It is not a problem as such - unless there is a light breeze
from the rear when standing at traffic lights;
blame the dog.
First gear is rather low, and it proved tricky to make
a really smooth, clunk-free change out
of 1st for some reason
(for one who can do it on an old, worn Rangy 4-speed).
Given the choice,
I would prefer 1st gear to be a higher ratio and
for low-ratio in the transfer case to be lowered.
There is a storage box between the front seats and its top
is at about the height of the (6') driver's elbow.
This would be just right to rest the left arm on
while lazily punting an automatic along, but it is just wrong,
and in the way, for quick changes between 3rd and 4th.
The transfer case
is the well known Mitsubishi unit offering
(i) two (rear) wheel drive,
(ii) four wheel drive high-ratio with centre differential,
(iii) as for (ii) with the centre differential locked, and
(iv) low-ratio with the centre differential locked.
The operating lever is really a switch for motors and actuators
which engage the various gears.
The brakes are very light, as on many Japanese cars,
so it is a blessing that the brake pedal has a fair
amount of travel and that the brakes are progressive.
(parking brake) operates on drums inside the rear discs.
There was a slight clunk - clunk on the test car if the hand brake
was applied at anything other than a dead stop; probably
it simply needed adjusting.
(right) is independent by double wishbones
with coil springs (above) replacing the old torsion bars.
The lowest point, apart from the tyres,
remains the front suspension cross member and associated skid plate.
The exhaust system's silencer must be somewhat vulnerable
when straddling a sharp ramp.
It is just possible to make out the "teeth"
on the hub input shaft (right); these would allow the sensor for the
ABS brakes -
an option not fitted to this car - to detect the speed of the wheel.
The power assisted steering is light,
but it has good self centering and feels precise;
there is no vagueness.
One of the big changes on the new model is
the introduction of independent rear suspension
by wishbones and coil springs (left).
This puts the Pajero in comfortable company -
with the M-class.
In fact Mitsubishi has been rather craftier than
its new "ally", or is it "big brother",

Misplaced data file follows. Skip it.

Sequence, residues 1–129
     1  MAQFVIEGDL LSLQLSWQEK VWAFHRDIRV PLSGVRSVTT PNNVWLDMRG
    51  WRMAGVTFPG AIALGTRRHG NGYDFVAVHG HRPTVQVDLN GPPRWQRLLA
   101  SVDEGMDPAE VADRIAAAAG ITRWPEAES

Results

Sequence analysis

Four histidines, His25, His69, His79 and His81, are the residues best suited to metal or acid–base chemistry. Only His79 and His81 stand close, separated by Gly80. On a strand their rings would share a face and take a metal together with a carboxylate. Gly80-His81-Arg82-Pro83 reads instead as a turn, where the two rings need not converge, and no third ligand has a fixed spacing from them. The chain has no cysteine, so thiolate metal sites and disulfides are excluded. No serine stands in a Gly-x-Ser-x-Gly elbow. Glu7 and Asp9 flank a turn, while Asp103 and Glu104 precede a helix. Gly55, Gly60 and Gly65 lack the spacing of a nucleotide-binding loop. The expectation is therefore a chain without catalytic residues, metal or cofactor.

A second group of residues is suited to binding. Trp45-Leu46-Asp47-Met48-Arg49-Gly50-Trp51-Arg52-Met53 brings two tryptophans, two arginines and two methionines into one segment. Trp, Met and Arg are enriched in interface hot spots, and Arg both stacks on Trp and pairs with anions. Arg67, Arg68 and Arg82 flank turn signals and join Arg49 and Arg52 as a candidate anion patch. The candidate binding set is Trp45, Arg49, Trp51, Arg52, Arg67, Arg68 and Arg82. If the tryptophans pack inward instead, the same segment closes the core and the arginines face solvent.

Daimler Chrysler, by getting longer arms and more
wheel travel into its back end.
It is difficult to match a live axle for wheel travel
however, and it is not too hard to get the new Pajero
cross axled - e.g. a few inches farther forward left,
and showing daylight under a wheel (below).
The body is stiff and showed little sign of
flex in this condition, the doors still opening and
closing easily and cleanly.
What the Pajero does not have is axle diff' locks,
nor traction control as featured on the M-class.
Maybe one day?
There is the option of ABS brakes and
that provides half of the necessary hardware.
Independent rear suspension does however
bring great advantages if you are not going rock climbing,
but are driving on the highway or even on rough bush tracks.
The whole aim is to reduce unsprung weight,
i.e. to move the heavy differential and axles
off the unsprung wheels and onto the car side of the springs.
Then when you hit a pothole, corrugation, or speed hump,
the spring and damper only have the weight of the wheel and
hub carrier to control - much easier to do precisely.
A cosmetic running change is to delete the lower centre panel
of the rear bumper, as above, because it is a mud trap.
In any case, "It has to be removed if a tow hitch is being fitted".
Mitsubishi's own fuel consumption figures
for the V6 manual are 10.7 to 14.6L/100km.
We managed 14.3L/100km in mixed driving -
around town, highway, and bush tracks -
just under 20mpg (imperial).
The Pajero has to be in with a good chance in the 2000 awards
for best family 4WD wagon.
- © L. A11ison
The car was loaned by Mitsubishi Motors,
through East-Side Mitsubishi.